The Lord’s Supper

“…do this in remembrance of Me.” Luke 22:10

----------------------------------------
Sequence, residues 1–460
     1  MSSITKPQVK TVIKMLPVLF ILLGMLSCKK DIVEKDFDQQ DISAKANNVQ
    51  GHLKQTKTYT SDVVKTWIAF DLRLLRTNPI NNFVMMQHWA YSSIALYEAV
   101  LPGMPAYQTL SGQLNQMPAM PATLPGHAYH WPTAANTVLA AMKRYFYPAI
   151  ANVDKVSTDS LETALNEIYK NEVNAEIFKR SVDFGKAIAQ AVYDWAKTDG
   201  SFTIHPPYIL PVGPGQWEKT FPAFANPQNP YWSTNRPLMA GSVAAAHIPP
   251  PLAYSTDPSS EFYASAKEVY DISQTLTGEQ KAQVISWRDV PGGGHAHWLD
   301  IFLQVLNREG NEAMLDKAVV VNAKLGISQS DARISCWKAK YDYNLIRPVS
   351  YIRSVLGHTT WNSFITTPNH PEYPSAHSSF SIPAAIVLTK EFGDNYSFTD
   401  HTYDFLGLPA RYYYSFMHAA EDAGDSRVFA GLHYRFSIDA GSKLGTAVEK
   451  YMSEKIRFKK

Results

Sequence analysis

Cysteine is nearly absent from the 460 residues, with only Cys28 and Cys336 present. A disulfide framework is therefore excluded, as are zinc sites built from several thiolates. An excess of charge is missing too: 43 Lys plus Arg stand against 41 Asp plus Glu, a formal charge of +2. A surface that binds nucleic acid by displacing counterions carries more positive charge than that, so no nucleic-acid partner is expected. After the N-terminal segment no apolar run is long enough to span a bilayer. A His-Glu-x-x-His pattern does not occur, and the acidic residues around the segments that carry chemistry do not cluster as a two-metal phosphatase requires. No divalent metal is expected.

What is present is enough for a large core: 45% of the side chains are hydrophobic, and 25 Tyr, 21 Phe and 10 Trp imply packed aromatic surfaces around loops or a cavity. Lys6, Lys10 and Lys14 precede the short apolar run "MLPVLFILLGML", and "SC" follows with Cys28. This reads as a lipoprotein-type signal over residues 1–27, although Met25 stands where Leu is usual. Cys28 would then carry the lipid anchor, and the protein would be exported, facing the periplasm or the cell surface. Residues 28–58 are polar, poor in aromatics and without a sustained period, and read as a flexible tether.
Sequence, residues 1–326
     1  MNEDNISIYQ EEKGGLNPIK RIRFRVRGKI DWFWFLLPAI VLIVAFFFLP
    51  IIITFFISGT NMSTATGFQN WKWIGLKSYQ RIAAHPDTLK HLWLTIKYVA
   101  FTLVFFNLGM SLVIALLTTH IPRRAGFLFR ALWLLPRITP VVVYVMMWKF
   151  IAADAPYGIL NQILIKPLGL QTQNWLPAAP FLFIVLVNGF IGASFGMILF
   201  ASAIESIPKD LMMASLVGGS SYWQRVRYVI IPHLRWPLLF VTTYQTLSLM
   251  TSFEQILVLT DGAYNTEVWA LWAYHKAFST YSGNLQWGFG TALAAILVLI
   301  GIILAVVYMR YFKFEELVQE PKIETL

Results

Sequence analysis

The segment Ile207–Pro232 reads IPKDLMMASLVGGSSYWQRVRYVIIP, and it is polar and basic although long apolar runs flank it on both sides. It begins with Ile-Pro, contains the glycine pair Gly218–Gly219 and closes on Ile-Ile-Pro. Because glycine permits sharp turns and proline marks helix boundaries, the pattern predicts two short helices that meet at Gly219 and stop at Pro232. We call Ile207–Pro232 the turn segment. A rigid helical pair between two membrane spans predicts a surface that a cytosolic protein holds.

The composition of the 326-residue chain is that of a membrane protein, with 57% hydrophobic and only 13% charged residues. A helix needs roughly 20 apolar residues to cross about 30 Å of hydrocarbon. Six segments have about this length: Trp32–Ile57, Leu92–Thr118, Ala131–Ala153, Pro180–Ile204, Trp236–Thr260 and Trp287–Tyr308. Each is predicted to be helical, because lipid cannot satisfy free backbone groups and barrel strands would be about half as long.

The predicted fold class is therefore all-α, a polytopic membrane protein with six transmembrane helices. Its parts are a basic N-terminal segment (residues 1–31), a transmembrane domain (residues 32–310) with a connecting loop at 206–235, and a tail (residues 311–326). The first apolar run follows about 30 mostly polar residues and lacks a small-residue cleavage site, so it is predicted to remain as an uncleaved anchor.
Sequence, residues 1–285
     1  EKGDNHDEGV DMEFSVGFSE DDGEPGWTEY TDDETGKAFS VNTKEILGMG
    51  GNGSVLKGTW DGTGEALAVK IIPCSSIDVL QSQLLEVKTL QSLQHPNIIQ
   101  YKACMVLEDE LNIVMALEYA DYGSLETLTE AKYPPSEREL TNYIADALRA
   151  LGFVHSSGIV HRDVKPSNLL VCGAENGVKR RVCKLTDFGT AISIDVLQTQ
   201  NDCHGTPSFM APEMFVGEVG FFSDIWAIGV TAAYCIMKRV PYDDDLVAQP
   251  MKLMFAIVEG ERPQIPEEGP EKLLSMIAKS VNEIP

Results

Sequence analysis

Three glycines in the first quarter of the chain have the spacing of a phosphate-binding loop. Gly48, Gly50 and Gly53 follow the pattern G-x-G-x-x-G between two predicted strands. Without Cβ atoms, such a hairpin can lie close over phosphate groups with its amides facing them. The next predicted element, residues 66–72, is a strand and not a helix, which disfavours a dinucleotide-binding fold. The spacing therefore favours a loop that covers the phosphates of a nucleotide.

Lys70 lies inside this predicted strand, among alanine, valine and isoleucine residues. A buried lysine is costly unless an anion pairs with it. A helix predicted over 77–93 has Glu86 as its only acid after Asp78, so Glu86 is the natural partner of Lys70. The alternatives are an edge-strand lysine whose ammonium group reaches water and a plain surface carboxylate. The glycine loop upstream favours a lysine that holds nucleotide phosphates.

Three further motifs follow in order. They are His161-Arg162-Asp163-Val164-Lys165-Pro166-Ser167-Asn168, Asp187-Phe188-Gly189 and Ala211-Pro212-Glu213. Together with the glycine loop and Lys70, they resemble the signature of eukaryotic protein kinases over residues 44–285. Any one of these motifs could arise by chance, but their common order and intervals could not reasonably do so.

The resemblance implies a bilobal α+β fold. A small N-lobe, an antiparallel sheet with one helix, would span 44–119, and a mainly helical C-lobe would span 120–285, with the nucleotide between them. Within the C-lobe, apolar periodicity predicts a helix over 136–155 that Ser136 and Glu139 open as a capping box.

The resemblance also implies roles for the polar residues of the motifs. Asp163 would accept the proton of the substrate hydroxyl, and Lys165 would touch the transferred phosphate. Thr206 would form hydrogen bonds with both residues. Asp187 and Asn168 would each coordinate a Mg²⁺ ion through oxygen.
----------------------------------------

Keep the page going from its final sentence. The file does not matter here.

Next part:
The Lord’s Supper is a memorial meal.  Christians all over the world observe it to remember something very precious—the death of Jesus for their sins.  A few years ago Sharon and I visited our nation’s capital, Washington, DC.  It is a city of memorials.  There’s one to the Marines, Abraham Lincoln, George Washington, Thomas Jefferson, the Holocaust, and many others.  It’s frankly a very poignant, moving experience just to spend a couple of days visiting the memorials in that city.  But there’s one memorial that had great impact us when we visited that great city.  As you fly over it, it appears as a simple, black “V” cut into the grass of the Capital Mall.  There was much controversy and argument concerning its design, but once the Viet Nam War Memorial was completed, almost all criticism ceased.  For on the day that the memorial was officially opened, the public was treated to a wonderful, poignant surprise.  The black stone that the memorial is made out of, on the face of which is carved the names of the thousands of Americans who died in Southeast Asia, has been polished to such a luster that when one stands in front of it, reading the names of our fallen soldiers, one sees himself!  It’s a moving, sobering experience to stand in front of the memorial, reading the names of the fallen…and then, to notice that you are also looking at your own reflection in that polished stone!  The Lord’s Supper is like that.  Look closely at it, and as you participate you will see yourself there, with Him, for when He suffered for the sins of the world, He was surely suffering for your sins as well.